Anyway, Pete never listened to one single word I ever said, which is a helpful thing to know.

I screwed his oxygen connector into place while he was fiddling with the knobs on the AM/FM radio in the dash, his own installation. I didn’t have the heart to tell him that the wire to the antenna came off again because he is simply too smart to tighten it up with a wrench. He’s had the radio in and out ten or eleven times trying to figure out why it won’t go. I never said I was a saint.

I have my own tunes in my suit.


We never worked alone anywhere on the station, inside or out. This was a safety regulation, and there was also a stiffly-worded subsection in our contracts.

To watch Pete extend EXWOP, our 'extensible working platform,' (a ladder in other words,) similar to the one on top of a terrestrial fire truck, without actually puncturing the sidewall of the station was always a joy. At times like that the safest place to be was out of the repair bug and snug in the vastness of empty space anyway. As Pete was fond of pointing out, its un-lubricated ball bearings made the ladder and its work-platform sticky on the rollers…it kind of hung up, and it needed to be maneuvered with authority, according to Pete.

“Oh, God!” Pete gasped, all too close in my helmet. “Is that Sergeant Peacock?”

“Yes. I believe that’s his office right there.”

The round, red face at the window was shrieking some commentary and showing two big fists…no doubt we would be notified, which means that I will be notified, and Pete will have another proud accomplishment to write home about.


“Okay, so I’ll just go up there and start taking the fasteners out.”

“And what do I do? Float around and screw the dog?” Pete spluttered.

Pete is nothing of not a man of actions, lots and lots of actions.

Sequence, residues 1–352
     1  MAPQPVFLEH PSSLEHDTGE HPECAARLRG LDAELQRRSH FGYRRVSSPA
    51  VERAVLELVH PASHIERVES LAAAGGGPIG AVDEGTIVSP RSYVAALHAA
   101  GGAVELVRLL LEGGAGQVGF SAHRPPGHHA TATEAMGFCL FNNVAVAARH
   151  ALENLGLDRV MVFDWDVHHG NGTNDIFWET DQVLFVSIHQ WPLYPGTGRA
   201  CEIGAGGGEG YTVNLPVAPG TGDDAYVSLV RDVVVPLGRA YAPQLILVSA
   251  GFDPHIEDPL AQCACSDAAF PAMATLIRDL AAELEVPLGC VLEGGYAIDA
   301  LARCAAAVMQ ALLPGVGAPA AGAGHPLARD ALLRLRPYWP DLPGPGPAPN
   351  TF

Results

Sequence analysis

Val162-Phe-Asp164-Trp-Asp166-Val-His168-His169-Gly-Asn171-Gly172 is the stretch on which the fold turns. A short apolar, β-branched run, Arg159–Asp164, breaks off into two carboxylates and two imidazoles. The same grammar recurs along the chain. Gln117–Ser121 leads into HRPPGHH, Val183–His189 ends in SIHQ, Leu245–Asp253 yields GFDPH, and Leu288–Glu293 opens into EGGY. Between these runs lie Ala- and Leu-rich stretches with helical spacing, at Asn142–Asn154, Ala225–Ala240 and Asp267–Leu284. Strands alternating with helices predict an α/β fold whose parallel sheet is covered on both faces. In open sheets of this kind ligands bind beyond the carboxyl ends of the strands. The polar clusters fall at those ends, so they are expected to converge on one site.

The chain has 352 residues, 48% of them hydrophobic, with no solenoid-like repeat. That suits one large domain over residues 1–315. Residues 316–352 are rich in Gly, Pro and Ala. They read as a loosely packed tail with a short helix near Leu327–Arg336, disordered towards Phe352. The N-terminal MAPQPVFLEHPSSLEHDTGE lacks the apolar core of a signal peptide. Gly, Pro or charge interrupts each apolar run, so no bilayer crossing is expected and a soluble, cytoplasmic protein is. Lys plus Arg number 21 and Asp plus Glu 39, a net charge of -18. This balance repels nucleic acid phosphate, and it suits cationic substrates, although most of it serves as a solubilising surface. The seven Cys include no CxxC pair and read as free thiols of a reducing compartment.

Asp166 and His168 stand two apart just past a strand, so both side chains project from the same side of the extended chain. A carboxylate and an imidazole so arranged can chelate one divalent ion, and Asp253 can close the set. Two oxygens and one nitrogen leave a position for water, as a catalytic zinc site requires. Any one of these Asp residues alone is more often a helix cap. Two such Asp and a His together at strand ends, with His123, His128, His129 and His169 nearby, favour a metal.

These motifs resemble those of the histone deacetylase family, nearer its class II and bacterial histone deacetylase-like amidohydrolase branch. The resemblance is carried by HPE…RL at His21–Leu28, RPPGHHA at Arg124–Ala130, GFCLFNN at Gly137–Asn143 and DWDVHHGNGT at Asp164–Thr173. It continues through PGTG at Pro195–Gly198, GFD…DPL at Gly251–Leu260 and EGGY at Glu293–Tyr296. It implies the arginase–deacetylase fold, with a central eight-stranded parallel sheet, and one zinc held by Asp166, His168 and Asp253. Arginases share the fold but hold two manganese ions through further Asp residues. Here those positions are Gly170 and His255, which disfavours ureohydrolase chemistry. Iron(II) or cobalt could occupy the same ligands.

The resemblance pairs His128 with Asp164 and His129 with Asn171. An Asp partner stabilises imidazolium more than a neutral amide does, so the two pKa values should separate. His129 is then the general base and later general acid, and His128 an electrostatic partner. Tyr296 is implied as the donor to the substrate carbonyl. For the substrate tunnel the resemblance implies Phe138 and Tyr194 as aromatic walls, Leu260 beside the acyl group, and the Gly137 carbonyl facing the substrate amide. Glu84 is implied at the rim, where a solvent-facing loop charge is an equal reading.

I watched in disbelief. It’s not that his next trick was a new one on me, but because I had seen it fifty times before. Frankly, it really is fascinating.

Poor old Pete was spinning, around, and around, and around.

“Ahhhhh! Pull the plug, pull the plug!”

I took a moment and turned the volume down on my suit while I considered the gravity of the situation.

Poor old Pete shouted and shouted, and we were running out of cord, and I don’t know, for whatever reason I just sort of reached over and yanked the cord out of the receptacle. Slowly, Peter rotated to a stop, cursing and swearing like a trooper.

“You should have reminded me.” He ignored my advice to clip himself to the ladder, which is what all the little clips and clamps are actually for. “Argh, argh, argh.”

“It’s got a lot of torque, Pete.” I agreed, referring to the wrench. “About the same as yesterday, I reckon.”

He struggled helplessly as I tried to unwind, untie and untangle about a hundred metres of electrical cord from him.

“Yeah!” Pete was still mystified as to exactly how I made him do that to himself again. “Maybe even a little more!”

My mistake was to tell him this one time that I was pulling the Jedi mind trick on him. That was early in our career, and now I don’t fuck around with his head. It’s a full-time job just trying to survive around him. Pete needs to keep his wit about him.

Pete was fit to be tied at my sheer incompetence and lack of respect for his authority over me and his role as my teacher in the training program he had patiently worked out for me over so very many long minutes seated upon the toilet while eating an apple. Having heard such things from Pete before, I took it all with a grain of arsenic. His mercurial pout, visible only to himself in reflection from his helmet faceplate, quickly faded like a plumber’s curse in the shine and glare of his butt-cleavage. (I mean the plumber, not Pete.)


After climbing to the extended work platform, I snapped myself on good and had those nasty old bolts out of there in jig time. I didn’t lose a one either, every one was accounted for in my pouch, and with the velcro strip safely fastened.

“You know they can’t pressurize that chamber until we fix this door.”

“Ah! I was wondering why the rush, but then I thought of Christmas.”

“It will be Easter in another week or so.” He noted it as if for the record.

“No, no. I thought of Christmas,” I replied calmly. “It’s a big job, after all.”